Instructor Tips for CCW

Concealed Carry Training Never Stops

CCW instructors give more than concealed carry tips. They are educational authorities who've spent time honing their control over deadly weapons meant to defend hearth and home.


For that reason, here are three top rules for concealed carry from industry experts.


Neil Nemetz, Geauga Firearms Academy

Neil Nemetz

Neil Nemetz, head instructor at Geauga Firearms Academy, is a NRA-certified trainer with 14 years of experience, and he has a history of training range safety officers.


As an OPOTC armed peace officer, he actively promotes understanding the responsibilities associated with concealed carry.


Here are his three rules for concealed carry:


  1. Having a gun on you does not make you safer, having a gun on you with TRAINING makes you safer.
  2. No matter where you carry your gun, it must be carried in a holster that has a hard trigger guard.
  3. The most important factor in having a gun "on you" is having a gun "ON YOU." The most effective mode of carrying is carry on your person not off body.

Tactics will dictate outcome, an idea shared by both Nemetz and Kyle Lamb from Viking Tactics.


Concealed Carry Tips from Delta Force Sgt. Major Kyle E. Lamb (ret.)

Delta Force Sgt. Major Kyle Lamb

Lamb has been deployed to Somalia, Bosnia and Iraq, and during his tenure in one of the world's most elite special operations units in the world, he's learned how to be comfortable with a firearm in hand.


He has three concealed carry training tips:


  1. Always carry your gun, if a business has a no guns allowed sticker skip that business and move on. Use a holster that conceals well and make it a habit to always have that sidearm with you.

  2. Pick a firearm that is sufficient for your needs. Many choose small revolvers, although they do make you feel good they are very difficult to stay proficient with. I prefer a small 9mm pistol with at least 7 rounds in the magazine, when possible I carry my Sub Compact 320 with 12 rounds.

  3. Use a holster that fits your surroundings. I prefer the appendix carry because I can protect the gun and always have access whether strong hand or support hand I can get to the pistol. Some feel this is unsafe, not sure what to say to them. If you have a habit of firing your pistol every time you reholster then I would say appendix carry isn’t for you.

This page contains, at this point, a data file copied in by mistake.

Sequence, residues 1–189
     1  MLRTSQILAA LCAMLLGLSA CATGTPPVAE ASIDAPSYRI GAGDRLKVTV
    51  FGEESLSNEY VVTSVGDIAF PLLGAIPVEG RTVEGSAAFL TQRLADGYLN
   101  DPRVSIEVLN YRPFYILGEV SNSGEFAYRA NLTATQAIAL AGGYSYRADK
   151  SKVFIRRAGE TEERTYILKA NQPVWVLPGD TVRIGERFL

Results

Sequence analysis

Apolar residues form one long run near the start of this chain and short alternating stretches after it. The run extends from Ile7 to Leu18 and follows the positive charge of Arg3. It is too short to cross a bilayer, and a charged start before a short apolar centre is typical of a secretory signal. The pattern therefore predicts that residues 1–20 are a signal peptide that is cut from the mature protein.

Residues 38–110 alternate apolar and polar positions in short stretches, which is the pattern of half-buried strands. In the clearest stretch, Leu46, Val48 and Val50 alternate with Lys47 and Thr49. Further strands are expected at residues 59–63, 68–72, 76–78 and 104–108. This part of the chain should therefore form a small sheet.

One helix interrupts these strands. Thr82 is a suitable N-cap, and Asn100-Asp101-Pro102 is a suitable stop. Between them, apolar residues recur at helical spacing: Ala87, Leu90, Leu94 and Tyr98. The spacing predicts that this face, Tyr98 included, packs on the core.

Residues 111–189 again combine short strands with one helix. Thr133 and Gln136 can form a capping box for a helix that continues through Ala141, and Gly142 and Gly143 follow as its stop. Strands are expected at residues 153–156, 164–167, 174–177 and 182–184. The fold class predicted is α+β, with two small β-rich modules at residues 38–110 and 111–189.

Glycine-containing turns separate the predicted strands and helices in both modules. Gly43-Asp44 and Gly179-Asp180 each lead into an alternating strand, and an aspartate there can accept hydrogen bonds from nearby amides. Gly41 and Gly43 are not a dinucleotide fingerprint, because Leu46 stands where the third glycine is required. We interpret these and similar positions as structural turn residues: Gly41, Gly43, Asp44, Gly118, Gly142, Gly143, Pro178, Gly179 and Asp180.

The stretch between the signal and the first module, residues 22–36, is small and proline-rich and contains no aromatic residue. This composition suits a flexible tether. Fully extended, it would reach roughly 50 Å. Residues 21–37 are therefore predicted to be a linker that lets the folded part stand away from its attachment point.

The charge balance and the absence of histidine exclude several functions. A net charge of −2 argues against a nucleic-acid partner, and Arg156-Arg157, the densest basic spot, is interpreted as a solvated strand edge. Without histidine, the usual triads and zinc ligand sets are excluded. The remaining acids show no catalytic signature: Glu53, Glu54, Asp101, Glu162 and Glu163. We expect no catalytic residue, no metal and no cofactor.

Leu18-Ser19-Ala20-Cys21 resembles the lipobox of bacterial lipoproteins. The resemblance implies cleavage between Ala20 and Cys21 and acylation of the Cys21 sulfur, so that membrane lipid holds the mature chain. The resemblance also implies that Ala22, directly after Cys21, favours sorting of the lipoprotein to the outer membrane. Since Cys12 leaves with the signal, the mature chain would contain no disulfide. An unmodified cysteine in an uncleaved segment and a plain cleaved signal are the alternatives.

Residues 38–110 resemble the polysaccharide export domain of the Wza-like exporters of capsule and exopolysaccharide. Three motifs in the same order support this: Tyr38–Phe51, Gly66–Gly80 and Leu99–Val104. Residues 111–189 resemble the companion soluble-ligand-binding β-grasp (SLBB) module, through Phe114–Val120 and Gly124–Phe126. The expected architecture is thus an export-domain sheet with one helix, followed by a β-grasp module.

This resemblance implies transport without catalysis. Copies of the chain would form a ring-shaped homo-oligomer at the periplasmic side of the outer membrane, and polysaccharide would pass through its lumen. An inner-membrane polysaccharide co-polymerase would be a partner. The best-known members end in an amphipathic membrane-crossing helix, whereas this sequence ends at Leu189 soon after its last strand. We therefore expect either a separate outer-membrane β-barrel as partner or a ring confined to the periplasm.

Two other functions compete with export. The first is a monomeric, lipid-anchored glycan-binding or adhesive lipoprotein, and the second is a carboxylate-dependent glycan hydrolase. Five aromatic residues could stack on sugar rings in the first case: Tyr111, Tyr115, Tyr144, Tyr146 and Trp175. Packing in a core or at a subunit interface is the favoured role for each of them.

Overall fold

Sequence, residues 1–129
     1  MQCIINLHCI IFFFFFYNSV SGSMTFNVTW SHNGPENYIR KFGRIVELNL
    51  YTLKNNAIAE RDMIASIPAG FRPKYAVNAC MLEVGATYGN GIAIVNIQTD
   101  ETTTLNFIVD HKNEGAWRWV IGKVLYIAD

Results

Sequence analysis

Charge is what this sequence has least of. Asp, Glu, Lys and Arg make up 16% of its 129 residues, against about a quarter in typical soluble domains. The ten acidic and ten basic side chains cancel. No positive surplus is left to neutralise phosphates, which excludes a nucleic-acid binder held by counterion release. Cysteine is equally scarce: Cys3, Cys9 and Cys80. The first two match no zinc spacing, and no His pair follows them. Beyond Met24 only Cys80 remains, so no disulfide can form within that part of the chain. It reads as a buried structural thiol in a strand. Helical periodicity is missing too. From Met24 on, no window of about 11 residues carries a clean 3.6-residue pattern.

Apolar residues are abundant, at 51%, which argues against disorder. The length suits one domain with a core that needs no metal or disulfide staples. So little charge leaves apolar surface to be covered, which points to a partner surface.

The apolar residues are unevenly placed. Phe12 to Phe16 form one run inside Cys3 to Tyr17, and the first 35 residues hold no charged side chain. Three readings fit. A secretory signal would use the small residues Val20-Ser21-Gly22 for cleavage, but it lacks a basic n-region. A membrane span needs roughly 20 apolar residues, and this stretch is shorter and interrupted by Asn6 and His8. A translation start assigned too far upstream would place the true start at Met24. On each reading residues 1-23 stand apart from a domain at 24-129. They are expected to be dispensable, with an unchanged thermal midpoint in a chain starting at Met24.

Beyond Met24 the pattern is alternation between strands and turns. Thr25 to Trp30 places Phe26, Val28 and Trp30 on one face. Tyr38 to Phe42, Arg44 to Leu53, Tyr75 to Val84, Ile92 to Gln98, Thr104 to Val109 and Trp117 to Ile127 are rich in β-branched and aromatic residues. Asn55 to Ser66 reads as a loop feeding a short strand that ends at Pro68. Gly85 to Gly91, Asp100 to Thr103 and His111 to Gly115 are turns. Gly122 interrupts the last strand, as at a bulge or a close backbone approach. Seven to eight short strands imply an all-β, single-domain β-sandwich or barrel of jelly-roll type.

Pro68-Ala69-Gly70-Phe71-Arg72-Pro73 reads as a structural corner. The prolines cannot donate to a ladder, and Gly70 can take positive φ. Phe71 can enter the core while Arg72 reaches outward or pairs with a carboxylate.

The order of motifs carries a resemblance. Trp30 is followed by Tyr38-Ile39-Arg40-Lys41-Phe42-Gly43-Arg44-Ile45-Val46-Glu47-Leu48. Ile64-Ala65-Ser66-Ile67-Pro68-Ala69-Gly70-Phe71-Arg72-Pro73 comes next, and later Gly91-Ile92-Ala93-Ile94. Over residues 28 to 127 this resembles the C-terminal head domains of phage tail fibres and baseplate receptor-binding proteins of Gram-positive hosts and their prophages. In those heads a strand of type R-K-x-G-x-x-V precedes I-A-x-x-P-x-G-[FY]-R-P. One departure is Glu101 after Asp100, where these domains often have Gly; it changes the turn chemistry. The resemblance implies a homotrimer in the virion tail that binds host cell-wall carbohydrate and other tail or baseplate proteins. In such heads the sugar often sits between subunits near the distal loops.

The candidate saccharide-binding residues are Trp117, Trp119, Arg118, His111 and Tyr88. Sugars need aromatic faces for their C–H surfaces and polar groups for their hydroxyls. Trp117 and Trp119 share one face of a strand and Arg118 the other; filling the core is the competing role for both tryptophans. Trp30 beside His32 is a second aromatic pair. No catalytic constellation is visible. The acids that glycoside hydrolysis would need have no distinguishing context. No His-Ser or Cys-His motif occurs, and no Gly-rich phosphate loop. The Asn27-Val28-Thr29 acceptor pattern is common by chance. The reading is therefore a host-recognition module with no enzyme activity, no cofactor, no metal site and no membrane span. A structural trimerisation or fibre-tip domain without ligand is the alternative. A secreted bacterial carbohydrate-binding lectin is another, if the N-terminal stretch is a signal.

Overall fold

Lamb's advanced military training has sharpened his understanding of firearms. Military and law enforcement instructors like Chris Cerino have a similar mindset.


From Chris Cerino of Cerino Training Group

Chris Cerino, Owner of Cerino Training Group

Before getting into his concealed carry advice, understand that Cerino has trained law enforcement officers, military operators and private civilians for more than 18 years.


He's also worked as a peace officer for 23 years, trained at international associations and has a dedicated passion for police work.


His three rules are straightforward:


  1. Be sure to keep your gun concealed. Having people know you’re armed isn’t cool, it’s dangerous.

  2. Don’t carry a gun without a plan. Be prepared to use good tactics for using your gun or to avoid using it.

  3. The best gun to carry is the one you’ll carry every day, every where. Find a gun that fits you and your needs then carry


At times, concealed carry can be summarized in only a few words.


Paul Faucheux of SOMD Firearms Training

Paul Faucheux of SOMD Firearms Training

As an instructor at SOMD Firearms Training, an organization that qualifies applicants for the Maryland handgun qualification license, Faucheux summarizes the most important concealed carry advice in three words:

  1. Comfort

  2. Concealment

  3. Accessibility


Jake Smith  

About The Author


Jake Smith (@notjakesmith) is a copywriter and photographer based in the Pacific Northwest who enjoys shooting pictures and ammunition outdoors.